"The Spirit Catches You and You Fall Down" (Book Review)
In the early 1980s, the Lee family-husband Nao Kao, wife Foua, and their six surviving children-escaped from the Communist regime in Laos and made their way to California's Central Valley, where many other Hmong refugees had resettled. In 1982, their daughter Lia was born. Unlike her parents and her twelve brothers and sisters before her, who were delivered into their mother's hands as she squatted alone and silently over a dirt floor, Lia was born in a modern public hospital, where her mother lay on her back on a steel table and gave birth to her baby into the hands of a doctor.
At the age of three months, Lia started having severe epileptic seizures. Her parents would take her to the hospital to get help, but they did not speak English and they did not trust the doctors or understand the complicated treatment she received. Anne Fadiman's book The Spirit Catches You and You Fall Down: A Hmong Child, Her American Doctors, and the Collision of Two Cultures chronicles the Lees' confusing and often terrifying odyssey through the American medical system.
The book highlights the enormous differences between the Hmong mindset and the American mindset. Even the title speaks of a fundamental difference in the way epilepsy is viewed in the two cultures; while American medicine sees it as a physical disorder caused by abnormal neuronal activity, Hmong people attribute it to spiritual forces. The book is sensitively and fairly written, with a balanced presentation of the perspectives and perceptions of both cultures. The author expressed her thanks to the Lee family, "who changed my whole way of looking at the world when they welcomed me into their home, their daily lives, and their rich culture." (page 329) If you read her book with an honest, open mind, it will make you rethink your own assumptions about what constitutes good medical care, what makes a healthy family, what it means to be a good parent, and even what is the nature of truth.
Having been in an intercultural marriage for more than 40 years, I am well aware of the fact that huge misunderstandings in a relationship can be generated by our cultural biases. The partners may not even be consciously aware of the presuppositions and expectations they bring into the marriage, but their words and actions spring from the basic beliefs they hold. The less they have in common, the greater the potential for misunderstanding and conflict, and for comedy but also tragedy.
Missionaries going into a foreign culture also need to understand this phenomenon. I think The Spirit Catches You and You Fall Down should be required reading for missionaries. Not that every foreign culture is like the Hmong, but this book alerts you to the fact that vast differences do exist between cultures. It helps you get into the mind and heart of someone who thinks and feels and experiences life very differently. As the author asks, "If you can't see that your own culture has its own set of interests, emotions, and biases, how can you expect to deal successfully with someone else's culture?" (page 261)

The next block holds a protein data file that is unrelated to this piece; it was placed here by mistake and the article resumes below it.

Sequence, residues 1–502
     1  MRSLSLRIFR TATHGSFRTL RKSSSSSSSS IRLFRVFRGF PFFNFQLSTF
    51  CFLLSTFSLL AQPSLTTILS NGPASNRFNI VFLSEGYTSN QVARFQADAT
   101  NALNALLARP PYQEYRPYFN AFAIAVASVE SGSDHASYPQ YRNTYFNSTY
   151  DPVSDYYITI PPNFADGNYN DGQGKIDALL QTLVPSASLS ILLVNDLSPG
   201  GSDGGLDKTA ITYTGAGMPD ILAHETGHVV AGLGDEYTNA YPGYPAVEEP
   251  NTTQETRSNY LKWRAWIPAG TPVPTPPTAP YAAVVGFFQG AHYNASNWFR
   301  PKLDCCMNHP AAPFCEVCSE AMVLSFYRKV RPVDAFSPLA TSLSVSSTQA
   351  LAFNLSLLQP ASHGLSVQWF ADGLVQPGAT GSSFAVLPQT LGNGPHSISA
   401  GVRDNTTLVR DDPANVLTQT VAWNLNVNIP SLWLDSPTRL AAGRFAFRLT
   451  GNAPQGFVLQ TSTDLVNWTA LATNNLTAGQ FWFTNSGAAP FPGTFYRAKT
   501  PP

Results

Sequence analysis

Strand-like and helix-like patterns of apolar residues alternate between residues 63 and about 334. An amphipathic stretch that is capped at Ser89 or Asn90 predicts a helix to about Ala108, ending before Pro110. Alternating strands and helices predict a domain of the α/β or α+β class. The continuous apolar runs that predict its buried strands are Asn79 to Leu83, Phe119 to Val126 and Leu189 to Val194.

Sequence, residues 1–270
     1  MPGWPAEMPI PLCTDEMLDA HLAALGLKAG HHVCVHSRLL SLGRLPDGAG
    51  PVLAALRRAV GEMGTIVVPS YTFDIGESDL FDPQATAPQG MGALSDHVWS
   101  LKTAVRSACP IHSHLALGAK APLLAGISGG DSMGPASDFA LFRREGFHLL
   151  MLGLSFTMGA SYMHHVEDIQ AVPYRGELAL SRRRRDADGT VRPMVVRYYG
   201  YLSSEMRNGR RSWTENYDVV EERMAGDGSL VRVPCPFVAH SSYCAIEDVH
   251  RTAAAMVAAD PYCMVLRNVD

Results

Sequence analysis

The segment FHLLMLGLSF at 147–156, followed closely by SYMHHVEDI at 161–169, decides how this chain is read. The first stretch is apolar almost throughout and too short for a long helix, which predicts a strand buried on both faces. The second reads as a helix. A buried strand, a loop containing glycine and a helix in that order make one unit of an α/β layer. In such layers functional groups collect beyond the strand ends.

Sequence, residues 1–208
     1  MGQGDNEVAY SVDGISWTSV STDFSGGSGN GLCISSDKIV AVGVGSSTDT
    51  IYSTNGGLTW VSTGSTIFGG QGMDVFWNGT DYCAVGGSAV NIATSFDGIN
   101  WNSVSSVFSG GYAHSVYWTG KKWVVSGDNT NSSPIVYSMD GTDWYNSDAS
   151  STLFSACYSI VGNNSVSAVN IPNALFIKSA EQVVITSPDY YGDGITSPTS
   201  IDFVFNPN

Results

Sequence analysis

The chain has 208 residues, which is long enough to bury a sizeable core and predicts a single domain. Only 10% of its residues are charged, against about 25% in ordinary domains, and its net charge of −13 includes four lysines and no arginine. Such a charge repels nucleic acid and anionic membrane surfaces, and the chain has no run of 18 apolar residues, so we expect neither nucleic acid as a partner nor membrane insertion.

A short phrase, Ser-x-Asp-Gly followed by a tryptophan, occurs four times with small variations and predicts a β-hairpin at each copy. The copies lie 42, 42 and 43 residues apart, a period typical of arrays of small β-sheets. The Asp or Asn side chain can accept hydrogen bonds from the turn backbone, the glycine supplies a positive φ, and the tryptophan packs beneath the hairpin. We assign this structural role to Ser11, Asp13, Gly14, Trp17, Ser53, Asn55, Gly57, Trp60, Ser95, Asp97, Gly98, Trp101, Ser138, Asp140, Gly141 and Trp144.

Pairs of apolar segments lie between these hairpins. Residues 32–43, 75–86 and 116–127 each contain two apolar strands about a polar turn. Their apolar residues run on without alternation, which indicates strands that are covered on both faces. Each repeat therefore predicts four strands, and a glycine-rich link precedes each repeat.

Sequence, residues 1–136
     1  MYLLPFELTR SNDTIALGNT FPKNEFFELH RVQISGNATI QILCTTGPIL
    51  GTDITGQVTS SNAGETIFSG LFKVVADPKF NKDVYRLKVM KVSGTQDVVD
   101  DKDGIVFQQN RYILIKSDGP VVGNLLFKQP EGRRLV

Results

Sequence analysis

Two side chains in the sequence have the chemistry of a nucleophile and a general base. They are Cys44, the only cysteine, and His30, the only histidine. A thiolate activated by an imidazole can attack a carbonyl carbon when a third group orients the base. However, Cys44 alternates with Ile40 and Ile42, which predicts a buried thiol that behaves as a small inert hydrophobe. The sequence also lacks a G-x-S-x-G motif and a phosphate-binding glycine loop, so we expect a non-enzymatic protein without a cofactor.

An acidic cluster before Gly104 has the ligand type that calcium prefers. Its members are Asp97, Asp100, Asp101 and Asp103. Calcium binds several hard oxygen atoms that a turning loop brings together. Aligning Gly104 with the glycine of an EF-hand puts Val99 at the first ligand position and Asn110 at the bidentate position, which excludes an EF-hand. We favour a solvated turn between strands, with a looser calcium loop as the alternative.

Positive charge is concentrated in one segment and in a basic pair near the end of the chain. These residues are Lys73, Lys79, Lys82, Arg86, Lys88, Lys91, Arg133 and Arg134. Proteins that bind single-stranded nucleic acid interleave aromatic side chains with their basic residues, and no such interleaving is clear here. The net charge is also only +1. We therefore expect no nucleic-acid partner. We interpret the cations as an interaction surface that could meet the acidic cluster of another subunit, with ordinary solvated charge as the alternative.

In particular, medical missionaries would benefit from this book. I got it from my son Alex, who is a med student and is interested in cross-cultural medicine. As the author points out, healing must involve much more than applying technology and administering drugs; healers must show "a concern for the psychosocial and cultural facets that give illness context and meaning" (page 265). Those who want to minister to the whole person-body, soul, and spirit-will be most effective if they can truly walk in the other person's shoes and understand how the other person thinks.
God Himself is the model for entering fully into the life of others. He could have stayed in heaven, but He chose to become flesh and dwell among us and experience human existence fully. He understands us not only because of His omniscience, but also because He humbled Himself and became a human being, taking on our limitations and seeing life through our eyes. May He open our eyes to understand others and to know how to communicate to them the good news of His coming to earth to live and die for us.
Spoiler Alert: If you want to read the book yourself and find out what happens to Lia Lee, stop here!
Lia's seizures became increasingly frequent and severe, despite the medical community's best efforts to help her. At one point, doctors and social workers decided that her parents were not being compliant enough with the prescribed treatment (which in the parents' view was making her worse), and Lia was removed from her home and placed in a foster home for nine months, to the unbearable anguish of her family.
At the age of four, Lia suffered a grand mal seizure that the doctors were unable to control. She was left in a persistent vegetative state, and there was nothing more that American medicine could do for her, so she was sent home to die, which doctors believed would happen imminently. But in the loving care of her family, Lia lived for 26 more years, finally passing away last August at the age of 30. Throughout that time, Lia's family practiced their traditional rituals, which are extremely suspect in the eyes of the American medical establishment, but they treated her with utmost dignity and nurtured her with tender compassion.
So what was the "right" way to treat a patient like Lia? I hope you come away with the realization that there are no easy, cut-and-dried answers. I hope you will also have a greater appreciation of the richness of different cultures and will make a concerted effort to understand others who may be very different.